Dear readers, I am back. After a long hiatus – mostly involuntary – I’ve picked up the pen – or keyboard if you will – again. Now with even more energy, passion and verve for vino. So look out for awesome posts that you will want to read and re-read. Did I ever mention that modesty was one of my many strengths?
Allow me take you back a few moons – maybe even a decade. It seems like a lifetime in wine- years, with the astounding and unforeseen but welcome change the wine world has seen during this time. As you browsed the wine aisles in stores back then – gleaming bottles with labels ranging from quirky, colorful and striking to understated, philosophical and classic – stood like a veritable guard of honor – primped and shiny for your inspection. Amongst this line-up of beauties you noticed a leaping marsupial – in all its golden glory and unrestrained energy. Does this bring the words Yellow Tail to mind immediately? Lindeman’s follows soon after. Then Penfolds and a few others. The Australian wine revolution was spreading. Winemakers from down under were making good wine affordable and accessible to more people than ever before.
Today, these very images and words seem to exude ordinariness. Strictly value but quite unremarkable. Acceptable, but not inspiring. Even aficionados with modest budgets would avoid going the Aussie bargain route if they can. The pace at which the Australian wine industry went from being trailblazers that made good wine accessible to a wider audience, to being the poor cousins of their more distinguished brethren is astonishing. Ever greater wines, from newer and traditional wine regions are now available at affordable prices.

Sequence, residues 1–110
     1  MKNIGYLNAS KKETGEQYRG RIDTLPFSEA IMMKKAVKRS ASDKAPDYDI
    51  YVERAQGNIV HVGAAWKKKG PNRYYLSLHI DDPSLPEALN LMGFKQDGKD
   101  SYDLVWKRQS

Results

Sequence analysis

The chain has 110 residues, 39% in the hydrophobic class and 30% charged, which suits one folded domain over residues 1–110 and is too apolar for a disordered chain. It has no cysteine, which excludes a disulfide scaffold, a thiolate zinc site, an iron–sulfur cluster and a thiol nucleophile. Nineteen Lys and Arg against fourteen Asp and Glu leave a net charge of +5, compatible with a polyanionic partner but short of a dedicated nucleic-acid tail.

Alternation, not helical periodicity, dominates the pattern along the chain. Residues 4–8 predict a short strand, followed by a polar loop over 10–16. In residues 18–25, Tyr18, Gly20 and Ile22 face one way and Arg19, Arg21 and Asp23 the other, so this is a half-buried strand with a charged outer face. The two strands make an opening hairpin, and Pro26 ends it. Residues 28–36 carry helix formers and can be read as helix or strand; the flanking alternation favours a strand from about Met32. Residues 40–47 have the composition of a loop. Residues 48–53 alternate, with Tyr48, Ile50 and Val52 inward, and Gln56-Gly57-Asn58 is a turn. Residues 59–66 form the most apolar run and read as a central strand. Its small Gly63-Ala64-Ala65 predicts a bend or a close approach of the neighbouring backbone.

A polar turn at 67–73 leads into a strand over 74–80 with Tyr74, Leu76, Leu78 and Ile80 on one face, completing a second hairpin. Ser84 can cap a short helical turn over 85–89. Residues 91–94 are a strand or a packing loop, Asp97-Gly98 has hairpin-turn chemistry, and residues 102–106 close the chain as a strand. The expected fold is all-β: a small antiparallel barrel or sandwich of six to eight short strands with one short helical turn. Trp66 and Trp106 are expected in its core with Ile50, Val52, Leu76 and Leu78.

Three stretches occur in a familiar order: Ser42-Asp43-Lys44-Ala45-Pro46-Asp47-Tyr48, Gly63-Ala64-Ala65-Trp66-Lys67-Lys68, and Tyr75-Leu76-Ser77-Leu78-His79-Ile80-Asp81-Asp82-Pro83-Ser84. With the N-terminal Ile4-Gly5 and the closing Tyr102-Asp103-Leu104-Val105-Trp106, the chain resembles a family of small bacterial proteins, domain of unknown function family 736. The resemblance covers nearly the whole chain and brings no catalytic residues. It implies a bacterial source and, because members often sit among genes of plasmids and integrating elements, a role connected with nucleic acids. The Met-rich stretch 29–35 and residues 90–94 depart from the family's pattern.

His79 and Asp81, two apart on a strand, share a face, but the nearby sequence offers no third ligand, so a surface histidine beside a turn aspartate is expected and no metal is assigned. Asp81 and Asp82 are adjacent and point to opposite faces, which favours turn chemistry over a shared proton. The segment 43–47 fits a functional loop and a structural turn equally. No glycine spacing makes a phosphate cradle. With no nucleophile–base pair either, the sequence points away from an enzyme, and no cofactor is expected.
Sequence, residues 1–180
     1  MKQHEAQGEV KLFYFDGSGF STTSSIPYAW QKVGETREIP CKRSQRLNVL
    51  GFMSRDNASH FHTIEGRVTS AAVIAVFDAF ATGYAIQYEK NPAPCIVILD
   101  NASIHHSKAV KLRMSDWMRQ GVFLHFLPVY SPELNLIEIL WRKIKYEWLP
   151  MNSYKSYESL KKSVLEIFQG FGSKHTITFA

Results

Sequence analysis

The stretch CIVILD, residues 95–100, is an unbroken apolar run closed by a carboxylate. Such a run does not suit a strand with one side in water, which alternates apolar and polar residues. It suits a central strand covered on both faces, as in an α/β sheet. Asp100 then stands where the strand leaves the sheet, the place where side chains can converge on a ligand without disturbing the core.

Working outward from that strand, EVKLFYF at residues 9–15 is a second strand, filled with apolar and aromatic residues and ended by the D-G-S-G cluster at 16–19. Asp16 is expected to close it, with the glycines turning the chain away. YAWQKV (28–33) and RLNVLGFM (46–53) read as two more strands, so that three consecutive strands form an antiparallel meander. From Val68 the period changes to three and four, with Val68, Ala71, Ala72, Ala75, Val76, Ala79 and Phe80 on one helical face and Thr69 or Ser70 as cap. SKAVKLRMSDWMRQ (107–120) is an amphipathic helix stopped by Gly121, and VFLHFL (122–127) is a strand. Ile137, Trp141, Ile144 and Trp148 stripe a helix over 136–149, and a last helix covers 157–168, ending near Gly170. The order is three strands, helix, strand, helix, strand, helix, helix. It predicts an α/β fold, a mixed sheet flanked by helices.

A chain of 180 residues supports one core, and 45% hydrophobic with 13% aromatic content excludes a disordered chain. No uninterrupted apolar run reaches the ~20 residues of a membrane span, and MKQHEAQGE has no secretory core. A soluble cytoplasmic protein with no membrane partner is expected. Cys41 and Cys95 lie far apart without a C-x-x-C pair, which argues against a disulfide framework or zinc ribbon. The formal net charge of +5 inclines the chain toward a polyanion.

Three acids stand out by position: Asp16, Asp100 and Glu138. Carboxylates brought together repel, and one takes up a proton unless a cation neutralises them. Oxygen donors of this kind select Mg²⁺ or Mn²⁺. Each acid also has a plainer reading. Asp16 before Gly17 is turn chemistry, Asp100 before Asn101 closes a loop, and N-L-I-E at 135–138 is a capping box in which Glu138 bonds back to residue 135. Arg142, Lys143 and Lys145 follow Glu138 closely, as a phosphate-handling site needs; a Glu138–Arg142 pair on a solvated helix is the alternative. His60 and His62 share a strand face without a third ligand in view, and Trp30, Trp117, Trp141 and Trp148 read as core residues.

So it was with some hesitation that I picked up the Lindeman’s label on a recent wine buying trip. A 2010 Bin 50 Shiraz. Some knowledge about the Bin series, tucked away in a remote corner of my wine memories, came forward & supported the choice. These are wines made from parcels of fruit sourced from all across south eastern Australia and blended to create a unique style. Distinct parcels of wine are stored in different areas of the cellar and given a unique Bin number – hence the name. This information, combined with exceedingly flattering tasting notes hanging on a card beside the bottle, prompted me to it pick. And I was not disappointed.
This is a delicious wine that lived up to my expectation and some. Great complexity and personality, yet versatile. As likely to complement subtle & mild foods as bold and hearty. Think pasta with a medley of wild mushrooms or a hearty Boeuf Bourguignon. About the only food to avoid with this wine is Asian. The clash of spice in the wine and food would be jarring. Here come my notes and rating.
|2010 Lindemans Bin 50 Shiraz $11.99|
|Color||Ruby red, clear, medium to heavy body , legs indicative of body style which is lighter than classic Shiraz.|
|Nose||Rich, deep aroma. Fruit and spice. Strawberry, plum, clove. Richness alluding to velvety, luxurious texture. Complex. Pleasant and heady.|
|Taste||Peppery, spicy, smooth, hint of salt, mellow tanginess. Very pleasing & lingering aftertaste.|
|Remarks||Versatile. Will enhance enjoyment of most foods. Subtle and gently as well as bold & earthy.|